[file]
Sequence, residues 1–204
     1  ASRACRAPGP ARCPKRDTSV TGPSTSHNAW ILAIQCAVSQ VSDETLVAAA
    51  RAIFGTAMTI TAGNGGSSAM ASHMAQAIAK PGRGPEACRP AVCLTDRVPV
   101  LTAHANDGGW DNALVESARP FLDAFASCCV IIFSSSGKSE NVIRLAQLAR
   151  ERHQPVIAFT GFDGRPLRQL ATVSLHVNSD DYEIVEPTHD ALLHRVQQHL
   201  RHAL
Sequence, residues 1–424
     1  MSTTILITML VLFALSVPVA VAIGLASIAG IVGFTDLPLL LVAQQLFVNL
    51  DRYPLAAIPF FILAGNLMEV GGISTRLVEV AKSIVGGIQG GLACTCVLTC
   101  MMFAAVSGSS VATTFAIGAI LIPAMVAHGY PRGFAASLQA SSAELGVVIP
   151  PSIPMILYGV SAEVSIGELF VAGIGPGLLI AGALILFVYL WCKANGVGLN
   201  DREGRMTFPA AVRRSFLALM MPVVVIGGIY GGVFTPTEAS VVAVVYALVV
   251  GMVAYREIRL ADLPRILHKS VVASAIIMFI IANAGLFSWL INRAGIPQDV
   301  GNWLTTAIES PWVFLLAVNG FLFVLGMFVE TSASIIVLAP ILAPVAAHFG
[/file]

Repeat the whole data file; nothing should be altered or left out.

Sequence, residues 1–204
     1  ASRACRAPGP ARCPKRDTSV TGPSTSHNAW ILAIQCAVSQ VSDETLVAAA
    51  RAIFGTAMTI TAGNGGSSAM ASHMAQAIAK PGRGPEACRP AVCLTDRVPV
   101  LTAHANDGGW DNALVESARP FLDAFASCCV IIFSSSGKSE NVIRLAQLAR
   151  ERHQPVIAFT GFDGRPLRQL ATVSLHVNSD DYEIVEPTHD ALLHRVQQHL
   201  RHAL
Sequence, residues 1–424
     1  MSTTILITML VLFALSVPVA VAIGLASIAG IVGFTDLPLL LVAQQLFVNL
    51  DRYPLAAIPF FILAGNLMEV GGISTRLVEV AKSIVGGIQG GLACTCVLTC
   101  MMFAAVSGSS VATTFAIGAI LIPAMVAHGY PRGFAASLQA SSAELGVVIP
   151  PSIPMILYGV SAEVSIGELF VAGIGPGLLI AGALILFVYL WCKANGVGLN
   201  DREGRMTFPA AVRRSFLALM MPVVVIGGIY GGVFTPTEAS VVAVVYALVV
   251  GMVAYREIRL ADLPRILHKS VVASAIIMFI IANAGLFSWL INRAGIPQDV
   301  GNWLTTAIES PWVFLLAVNG FLFVLGMFVE TSASIIVLAP ILAPVAAHFG